I don't want to turn this into a judgement on those climbers. My view was based on the facts they themselves set out in the other thread. I think that starting at 12 on what is always a popular and busy route, especially on a bank holiday, was asking to get held up. The main point is that they chose not to go back the following day because it was "chucking down".

The first post in this thread seems to imply criticism of whoever found the ropes for not returning them. But the ropes had been abandoned. If the finder subsequently became aware that the owners were asking for them back, it might put moral pressure on them to return them (and in the circumstances that's what I would do). However there is firstly no reason to believe the finder is aware of this, and secondly if they claimed them as crag swag they would have the weight of climbing tradition behind them.

Offwidth - on 16 Sep 2012
In reply to jkarran:

They got to the Haven on a bank holiday on one of the most popular routes in the area and after deciding to ab couldn't recover the ropes on VD terrain and that's demonstrating good decision making and experience?
3 Names - on 16 Sep 2012
In reply to Michael Gordon:


Do you think that makes you rather selfish then?
Bulls Crack - on 16 Sep 2012
In reply to Jamie Bankhead:

Crag swag is dry-land jetsam imo

. Cargo or equipment thrown overboard to lighten a ship in distress.
2. Discarded cargo or equipment found washed ashore.
3. Discarded odds and ends.

Note: a ship in distress!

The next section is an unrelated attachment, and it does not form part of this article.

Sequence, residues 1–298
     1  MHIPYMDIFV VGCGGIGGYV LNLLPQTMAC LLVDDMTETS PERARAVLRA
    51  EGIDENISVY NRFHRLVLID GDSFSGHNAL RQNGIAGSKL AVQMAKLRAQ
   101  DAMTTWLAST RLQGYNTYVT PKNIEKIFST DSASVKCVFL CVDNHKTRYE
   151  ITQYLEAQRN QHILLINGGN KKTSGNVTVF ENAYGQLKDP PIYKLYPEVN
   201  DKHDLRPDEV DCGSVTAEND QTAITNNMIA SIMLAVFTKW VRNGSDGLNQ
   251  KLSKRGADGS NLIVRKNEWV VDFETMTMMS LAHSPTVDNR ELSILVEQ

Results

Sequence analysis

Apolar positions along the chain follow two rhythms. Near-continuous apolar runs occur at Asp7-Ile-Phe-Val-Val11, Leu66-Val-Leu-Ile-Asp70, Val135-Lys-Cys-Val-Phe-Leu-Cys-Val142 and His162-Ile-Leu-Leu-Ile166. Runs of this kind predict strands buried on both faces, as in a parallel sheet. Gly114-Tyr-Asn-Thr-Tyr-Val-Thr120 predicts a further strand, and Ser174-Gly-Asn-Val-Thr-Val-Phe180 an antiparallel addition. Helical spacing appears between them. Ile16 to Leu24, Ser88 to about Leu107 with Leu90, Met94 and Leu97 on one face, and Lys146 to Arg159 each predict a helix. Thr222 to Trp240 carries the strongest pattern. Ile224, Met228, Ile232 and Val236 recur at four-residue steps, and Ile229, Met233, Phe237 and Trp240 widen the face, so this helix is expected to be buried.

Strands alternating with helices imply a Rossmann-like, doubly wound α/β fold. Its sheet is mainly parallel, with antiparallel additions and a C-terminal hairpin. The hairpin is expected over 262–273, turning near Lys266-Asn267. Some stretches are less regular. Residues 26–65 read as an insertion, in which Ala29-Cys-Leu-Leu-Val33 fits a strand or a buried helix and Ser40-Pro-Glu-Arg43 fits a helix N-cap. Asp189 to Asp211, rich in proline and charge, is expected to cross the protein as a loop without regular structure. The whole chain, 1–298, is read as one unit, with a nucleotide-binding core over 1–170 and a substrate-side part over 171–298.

jkarran - on 16 Sep 2012
In reply to Offwidth:

> They got to the Haven on a bank holiday on one of the most popular routes in the area and after deciding to ab couldn't recover the ropes on VD terrain and that's demonstrating good decision making and experience?

Where did I comment on their experience or judgement? I commented on the time available (plenty*) and their equipment (more than adequate).

*I set off hours after them, topped out and was back in Chester via dinner in time for a pint. Part luck, part judgement, part pure impatience.
jk
Jamie B - on 16 Sep 2012
In reply to Howard J:

> The first post in this thread seems to imply criticism of whoever found the ropes for not returning them. But the ropes had been abandoned. If the finder subsequently became aware that the owners were asking for them back, it might put moral pressure on them to return them (and in the circumstances that's what I would do). However there is firstly no reason to believe the finder is aware of this, and secondly if they claimed them as crag swag they would have the weight of climbing tradition behind them.

Disagree. Whether the circumstances or tradition, you have in your possession something which was of value (possibly a week's wages) to its owner. Don't you think they would like it back? Don't you think returning it would make you a better person?

Goucho on 16 Sep 2012
In reply to Jamie Bankhead: I work on the simple principal that if I leave gear on the crag, then I've left/lost it there, and if I don't go back to recover it, it's legitimate swag for someone else.

However, if I'm following another rope up a route, and they have left gear in the route (either by mistake or because the second couldn't get it out) I will always return it at the top of the crag, or enquire back down at the bottom of the crag who's it is.